Health care industry cover ups
If you are interested in reading about the history of private healthcare, start with Michael Wynne’s astonishing site Corporate Health Care. Michael came from a Medical Family and graduated in Medicine from Capetown University in 1956. After completing his residency in Cape Town he worked in London for 8 years, in the National Health Service. He later returned to Cape Town and worked for 5 years in private practice with public appointments. Later he accepted a full time post with a local hospital servicing the black community. He eventually emigrated to Queensland with his family in 1977.
His exposure to ideology v medicine is both in South Africa, the UK, the USA and Asia is extensive. After his eldest son died in a corporate hospital run by National Medical Enterprises in Singapore, Michael become involved in direct lobbying against corporate medicine. Brian Martin, the past president of the Australian Whistleblowers Association asked Michael to document his story lobbying against the corporatisation of Medicine. This astonishingly detailed assessment of corporate healthcare in Australia is the result. Companies discussed include Mayne Nickless, Alpha Healthcare, Healthscope and Ramsey Health. The site also looks at the corporatisation of hospitals, GP clines and pathology services.
Tax payers subsidies to private healthcare are currently 5 billion a year and growing. Complex and hidden financial arrangements may exist between the private companies that supply medical goods, tests and treatments, and the doctors who prescribe them. Some private patients claim they are not receiving proper nursing and allied health services. An article in the Australian site Inside Story looks at whether this money is being well spent.
‘John Kenneth Galbraith once said that if you want to feed oats to a sparrow, don’t do it by feeding a horse and expecting the sparrow to get some of what passes out the other end…’
Tax payers subsidies of other industries like manufacturing have ended badly for all concerned. Lost jobs, lost billions in tax subsidies and ignored claims that the industry needed hard reform, not continuous handouts. A report written by John Menadue and Ian McAuley in 2012 concluded that private health insurance is is ‘an expensive and clumsy way to do what the tax system and Medicare do so much better – that is to distribute funds to those who need health care.’
The American fully privatised health system is condemned by every respectable health commentator, from the USA and overseas. The Americans currently pay double what most other countries pay for healthcare, yet receive lower rates of overall life expectancy, higher rates of preventable disease and higher rates of over servicing in return. Information on out of pocket costs and quality of doctors and hospitals is impossible for patients to obtain. Outrageous overcharging of basic services by American hospitals is well documented. The latest book by Exekiel J Emanuel sets out the problems succinctly and clearly. Warren Buffet an American billionaire and financial commentator, called the USA health system a ‘tapeworm’ and suggested it needs to be ‘flushed’. And if that doesn’t concern you, have a look at the trailer for Escape Fire.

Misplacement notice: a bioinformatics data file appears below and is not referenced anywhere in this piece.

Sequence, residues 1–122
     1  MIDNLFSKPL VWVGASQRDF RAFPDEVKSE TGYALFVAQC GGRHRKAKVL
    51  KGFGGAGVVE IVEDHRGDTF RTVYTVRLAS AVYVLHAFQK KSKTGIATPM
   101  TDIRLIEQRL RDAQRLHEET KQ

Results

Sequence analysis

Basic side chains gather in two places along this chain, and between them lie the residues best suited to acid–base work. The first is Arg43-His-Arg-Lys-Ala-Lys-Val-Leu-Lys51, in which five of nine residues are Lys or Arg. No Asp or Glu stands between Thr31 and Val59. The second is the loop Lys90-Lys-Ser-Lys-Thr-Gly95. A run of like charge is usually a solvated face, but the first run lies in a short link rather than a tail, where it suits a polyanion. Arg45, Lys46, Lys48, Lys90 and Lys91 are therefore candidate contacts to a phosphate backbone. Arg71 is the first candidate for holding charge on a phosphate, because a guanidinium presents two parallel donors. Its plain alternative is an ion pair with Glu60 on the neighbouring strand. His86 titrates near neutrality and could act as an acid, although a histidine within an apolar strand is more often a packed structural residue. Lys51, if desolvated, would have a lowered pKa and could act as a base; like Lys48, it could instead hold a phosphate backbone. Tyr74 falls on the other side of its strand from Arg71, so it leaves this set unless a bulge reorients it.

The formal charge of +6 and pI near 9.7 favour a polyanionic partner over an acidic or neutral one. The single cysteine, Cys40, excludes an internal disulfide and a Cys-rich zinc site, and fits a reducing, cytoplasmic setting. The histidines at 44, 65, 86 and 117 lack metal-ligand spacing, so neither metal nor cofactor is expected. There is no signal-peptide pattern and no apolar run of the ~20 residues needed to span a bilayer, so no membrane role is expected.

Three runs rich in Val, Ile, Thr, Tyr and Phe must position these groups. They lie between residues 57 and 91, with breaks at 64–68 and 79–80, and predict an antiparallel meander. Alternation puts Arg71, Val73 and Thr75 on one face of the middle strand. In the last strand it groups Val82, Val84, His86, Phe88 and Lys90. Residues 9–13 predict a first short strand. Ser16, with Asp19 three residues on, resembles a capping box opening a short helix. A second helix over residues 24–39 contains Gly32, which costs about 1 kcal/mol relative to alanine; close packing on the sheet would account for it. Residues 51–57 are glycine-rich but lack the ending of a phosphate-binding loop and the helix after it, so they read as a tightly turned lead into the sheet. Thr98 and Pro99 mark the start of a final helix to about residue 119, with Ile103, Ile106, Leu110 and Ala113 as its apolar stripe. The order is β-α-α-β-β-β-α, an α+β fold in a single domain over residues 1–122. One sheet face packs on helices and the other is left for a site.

Public healthcare is often sold as being ‘safe’. But that’s not always the case either.
Some relatives of patients in the National Health Service in the UK aren’t impressed, particularly those with relatives in aged care. The Stafford Hospital Scandal in 2008 – 2010 uncovered appalling patient care in a public hospital, including unnecessarily high death rates, management cover ups and patients being left lying in their own urine and being forced to drink water from flower vases. There were subsequently five enquiries into this hospital. It transpired that the problem had been allowed to go on for so long because of widespread cover ups and a ‘bureaucracy mindset‘. All the Australians I have spoke to who have tried to complain about nursing homes or public hospitals to the health bureaucracy in this country, complain bitterly about being brushed off, blocked, bullied and lied to. This includes relatives who family members have died under suspicious circumstances or patients who have tried to have bad hospitals reformed.
Healthcare staff who try to blow the whistle can have their lives ruined by a hostile bureaucracy, drawn out legal proceedings and lack of support from other staff who know about the problems but refused to speak out.
So what’s the answer?
More accountability, less secrecy and a greater involvement of patients, health professionals and IT staff into the actual running of hospitals. Which is exactly what Wikihospitals stands for.